### Strategy §

• A strategy of player is a function that assigns a distribution over for each
• As player , we follow our strategy to decide which action to pick throughout the game
• represents the probability of choosing action given information set for player
• Two types of strategies:
• Pure strategy (deterministic): Chooses a single action with probability 1.
• Mixed strategy (): At least two actions played with positive probability
• is the set of all strategies for player

Parallel: If you’ve dabbled/are an expert in reinforcement learning, strategy corresponds to the policy that an agent follows, where represents the probability of choosing action given that the agent is in state .

However, in Game Theory, we use to denote reach probability (see more below).

### Strategy Profile §

• A strategy profile consists of a strategy for each player
• refers to all the strategies in strategy profile excluding

### Reach Probability of History §

This is a really crucial idea that one must understand before moving on.

• is the reach probability of history (probability of occurring) if all players choose to play according to strategy In other words, it’s the probability of each player multiplied together. But shouldn’t it be the contribution from both players? So draw out Rock papers scissors and the probabilities. Example: , , where the actions are If each player plays RPS with 1/3 probability, then Player 2 doesn’t play at this point, so how do you compute ?
• Well, the probability is just 1

so its actually Let’s decompose

So say it’s Rock Rock. From the perspective We actually only know like what

This is telling the probability that you are to end up in history .

The probability of reach an information set under strategy profile given by

• Notice that the above is a sum, and not a product, because multiple histories can be the same InfoSet, so we increase our chances of encountering a particular information set by summing the probabilities.

We also define , the reach probability of a terminal history given the current history under strategy profile :

### Expected Payoff §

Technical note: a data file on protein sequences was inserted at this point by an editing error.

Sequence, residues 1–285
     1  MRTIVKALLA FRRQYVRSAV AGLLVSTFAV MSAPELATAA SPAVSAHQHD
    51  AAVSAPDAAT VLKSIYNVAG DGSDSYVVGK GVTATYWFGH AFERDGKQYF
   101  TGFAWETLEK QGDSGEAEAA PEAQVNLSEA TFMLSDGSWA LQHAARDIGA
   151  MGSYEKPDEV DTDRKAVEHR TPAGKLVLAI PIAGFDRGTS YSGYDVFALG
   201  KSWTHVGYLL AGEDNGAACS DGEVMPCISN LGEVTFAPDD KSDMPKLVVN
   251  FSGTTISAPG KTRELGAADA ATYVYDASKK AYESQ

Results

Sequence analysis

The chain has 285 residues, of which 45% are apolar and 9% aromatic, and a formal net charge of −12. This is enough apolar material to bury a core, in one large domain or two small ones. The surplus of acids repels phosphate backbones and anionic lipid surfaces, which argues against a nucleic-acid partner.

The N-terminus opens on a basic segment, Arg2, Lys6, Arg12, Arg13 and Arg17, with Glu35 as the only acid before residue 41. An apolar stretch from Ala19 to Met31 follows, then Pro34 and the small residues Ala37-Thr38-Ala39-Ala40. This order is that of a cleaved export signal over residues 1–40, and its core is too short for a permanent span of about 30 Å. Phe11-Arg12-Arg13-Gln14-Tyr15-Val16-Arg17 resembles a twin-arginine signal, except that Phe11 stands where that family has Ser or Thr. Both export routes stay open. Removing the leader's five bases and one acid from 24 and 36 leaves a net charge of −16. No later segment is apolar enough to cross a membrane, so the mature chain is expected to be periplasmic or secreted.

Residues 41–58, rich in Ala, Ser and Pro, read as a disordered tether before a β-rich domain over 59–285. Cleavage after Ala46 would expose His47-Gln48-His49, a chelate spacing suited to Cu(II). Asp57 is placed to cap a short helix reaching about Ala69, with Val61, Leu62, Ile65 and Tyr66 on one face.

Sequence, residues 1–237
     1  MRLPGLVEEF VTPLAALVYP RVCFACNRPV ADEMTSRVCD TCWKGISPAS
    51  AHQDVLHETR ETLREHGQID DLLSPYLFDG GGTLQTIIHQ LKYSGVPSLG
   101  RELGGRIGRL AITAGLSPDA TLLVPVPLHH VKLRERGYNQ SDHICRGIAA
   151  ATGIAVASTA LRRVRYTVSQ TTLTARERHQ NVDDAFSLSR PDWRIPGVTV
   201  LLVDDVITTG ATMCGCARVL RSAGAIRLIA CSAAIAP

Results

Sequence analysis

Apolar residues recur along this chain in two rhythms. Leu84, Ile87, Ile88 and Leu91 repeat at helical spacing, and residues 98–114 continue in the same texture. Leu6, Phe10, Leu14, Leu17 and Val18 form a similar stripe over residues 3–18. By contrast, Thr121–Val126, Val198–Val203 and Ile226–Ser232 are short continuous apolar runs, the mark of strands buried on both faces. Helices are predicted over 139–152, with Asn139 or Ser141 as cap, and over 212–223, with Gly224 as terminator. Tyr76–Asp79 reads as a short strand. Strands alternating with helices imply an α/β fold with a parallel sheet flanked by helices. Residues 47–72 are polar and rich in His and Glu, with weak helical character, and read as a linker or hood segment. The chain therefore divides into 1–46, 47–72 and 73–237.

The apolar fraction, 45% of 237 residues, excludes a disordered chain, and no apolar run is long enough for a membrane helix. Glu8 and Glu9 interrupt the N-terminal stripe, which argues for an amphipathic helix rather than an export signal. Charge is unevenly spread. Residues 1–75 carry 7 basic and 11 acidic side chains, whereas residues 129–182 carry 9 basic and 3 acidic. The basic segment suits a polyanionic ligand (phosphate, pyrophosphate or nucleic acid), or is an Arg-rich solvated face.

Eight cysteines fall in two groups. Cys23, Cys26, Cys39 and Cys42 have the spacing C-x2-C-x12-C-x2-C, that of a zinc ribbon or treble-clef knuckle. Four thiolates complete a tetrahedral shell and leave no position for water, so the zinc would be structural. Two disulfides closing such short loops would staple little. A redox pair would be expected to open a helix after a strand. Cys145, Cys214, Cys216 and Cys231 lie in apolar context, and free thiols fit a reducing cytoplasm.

The utility function we covered gives us some payoff for player at terminal history . How can we measure our average payoff as we play the game more and more? That is the idea of an expected payoff.

The expected payoff for player is given by

This is simply a single value that tells you how good your strategy profile . That is, if you play according to , how much money do you expect to win or lose? our goal is to reach a Nash Equilibrium, so .

• Intuitively, we are simply taking a weighted average, multiplying our payoff of each terminal history by how likely we are to reach that history using strategy profile , given by . Note that .
• The expected payoff is different depending on what strategy profile

We will also sometimes use the notation , which is the expected payoff for player if all players play according to the strategy profile .

• We use this expanded form because we will also add a superscript in \sigma^\textcolor{orange}{t}_i, so you can obtain the utility at two different times, for example

We can also talk about expected payoff at a particular nonterminal history (this is also sometimes referred to as just expected value at a particular history ) We also call the above counterfactual value at nonterminal history , but instead of histories, we are interested in getting the value for an information set .

• I am quite confused by why this equation is the way it is, so you should see below for counterfactual value.

Serendipity: This is quite similar to the value functions we see in Reinforcement Learning, where we do a Monte-Carlo rollout to sample the rewards.

##### Some more notes about discrepancies §

Note: Notice that we were defining the domain of utility function as the set of terminal histories , but now we define it as a strategy profile.#todo Explain discrepancy.

### Nash Equilibrium §

Our goal is to find the Nash Equilibrium. This is a strategy profile in which no players can improve by deviating from their strategies.

Formally, in a two-player extensive game, a Nash Equilibrium is a strategy profile where the two inequalities are satisfied:

• For instance, the first equation states for take any strategy for player in the set of all strategies for player , the expected payoff for player in this strategy profile cannot improve

An approximation of a Nash Equilibrium, called -Nash Equilibrium, is a strategy profile where

### Best Response §